It’s great that Subway takes digital currency. Which ones do you suppose they accept? Do they accept the one you happen to have? Another problem with crypto is the lack of standardization. A dollar is a dollar. I can use those dollars in different forms, either in physical money, tied to a card, in my digital wallet, or sent through the ACH or other payment systems. It’s all still a standard currency.
However, if I want to pay with digital currency, I have to pay with the currency that each vendor accepts. Right now, there are 1200 digital currencies out there, and new ones getting created every day. The usefulness of a currency is tied to what you can do with it. If I have one that isn’t accepted, then it’s not really “currency.”
The logical thought is that we should just standardize digital currency, then. Centralize it. The Fed has done just that and has already created a Central Bank Digital Currency (CBDC) that can be exchanged. Using blockchains and Rubik’s cube and all that. So doesn’t that mean crypto has won? Not so fast.
Crypto was designed to not be centralized. The founders of digital currency didn’t want it to go through or be structured by the banks. They didn’t want regulation. So, right now, the crypto companies aren’t embracing CBDC. My prediction is that regulated digital currency is an idea that makes sense and could lead to streamlined payments in the future. Go Central Bank, can’t wait for 2033! For the rest of you who don’t want things to be regulated, think about whether you want to exchange the ordinary dollars that you earned from hours of your time and effort for a currency that won’t buy a sandwich.
Not to mention fluctuation. While the value of dollars go up and down a little, they don’t zoom and crash. Everybody always loves the zooming part — I played a game for three hours, and now that’s worth $572! not so much the crashing. If you bought your crypto for $300 one day and it was worth $150 the next day, not so happy! You now only get half a sandwich.
But this isn’t all really about buying sandwiches anyway, is it?
Speaking of Fraud…
We’re talking about money, technology, and innovation. Crypto since its creation a decade plus ago has been about attracting investment dollars for development. The high market capitalizations–the value of the company according to the stock market–of Bitcoin and some of the earliest drivers is a reflection of the emotion of investors who want to make money buying and selling the company itself. Money attracts money. Risky money attracts risky money.
What Bankman-Fried did is attract investor cash for his company and then do what most of the high-risk dudes do. He used customer deposits to bribe er pay political lobbyists, make investments in other companies, and buy luxury real estate for himself. That’s nothing new. Blockchain doesn’t eliminate piracy. In fact, I’d argue that block chain attracts pirates and bank robbers. What did the guy say? Why do people rob banks? Because that’s where the money is.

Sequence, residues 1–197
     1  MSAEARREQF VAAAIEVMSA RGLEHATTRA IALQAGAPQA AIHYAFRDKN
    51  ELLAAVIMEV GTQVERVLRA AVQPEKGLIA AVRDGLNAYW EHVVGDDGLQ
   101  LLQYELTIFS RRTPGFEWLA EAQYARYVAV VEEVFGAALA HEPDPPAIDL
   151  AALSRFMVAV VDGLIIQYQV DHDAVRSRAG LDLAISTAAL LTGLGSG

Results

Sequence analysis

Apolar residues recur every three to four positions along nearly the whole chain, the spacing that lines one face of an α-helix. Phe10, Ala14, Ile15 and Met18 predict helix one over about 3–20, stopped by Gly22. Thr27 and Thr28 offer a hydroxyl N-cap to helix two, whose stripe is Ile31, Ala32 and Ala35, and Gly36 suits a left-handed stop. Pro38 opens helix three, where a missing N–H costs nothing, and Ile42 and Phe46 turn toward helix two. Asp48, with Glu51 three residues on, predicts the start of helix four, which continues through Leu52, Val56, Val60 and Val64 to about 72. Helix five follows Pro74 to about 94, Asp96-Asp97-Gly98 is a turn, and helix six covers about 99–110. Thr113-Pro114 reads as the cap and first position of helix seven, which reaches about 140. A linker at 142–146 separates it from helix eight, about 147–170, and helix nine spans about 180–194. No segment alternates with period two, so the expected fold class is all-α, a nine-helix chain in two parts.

Any time you hear that a lot of money is involved, you know that the skull and crossbones be raisin’. Any time that one of those investing media things — people on the teevee or on the internet–start gushing about this get rich quick thing that’s about to go down, hold on to your wallet. There was big news this week that Steph Curry was paid $35 million for his endorsement of some crypto thing in some advertisement way back when. It shouldn’t shock anybody how much he got paid. The owners of these companies are rolling around in so much investor money that it’s giving them wedgies.
It’s fine if you want to live inside the digital world, ok? If you still want to earn digital money playing digital games so you can exchange that digital currency for digital stuff, like NFTs, be my guest. Arguing that digital money is great because it buys things that are only digitally useful seems like a circular argument. Or arguing that we should have digital currency, then link it to a multi-zillion dollar investment opportunity sounds well… a lot like 2008 to me, where real estate mortgages got chopped up into cole slaw and offered ten times over to investors. I thought this whole thing was about doing better than the 2008 crash, which was only caused by banks?
The next time you see an argument on behalf of crypto, ask yourself who wrote it. Was it a banker? Was it a small-time vendor, accepting payments on their food truck? Or was it an investor, or one of the offshoot people who make money off the “investment industry” by writing about what’s hot in investing? Or was it somebody working in the burgeoning industry, just hoping that their jobs will turn out to add something useful? As opposed to creating the Metaverse, which apparently was a real thing that Mark Zuckerberg was touting for two years until it wasn’t, and lots of people lost real jobs.
Meanwhile, I’ll keep my eye out at my local Subway to find out if they’ve got those iPads behind the counter. Meanwhile, too, the U.S. currency is undergoing a massive overhaul to make the physical bills more secure and more user friendly to the visibly impaired. They say that the Harriet Tubman $20 bill is scheduled for issuance by 2030. That’s about as early as I’ll be ready to use digital currency anyway.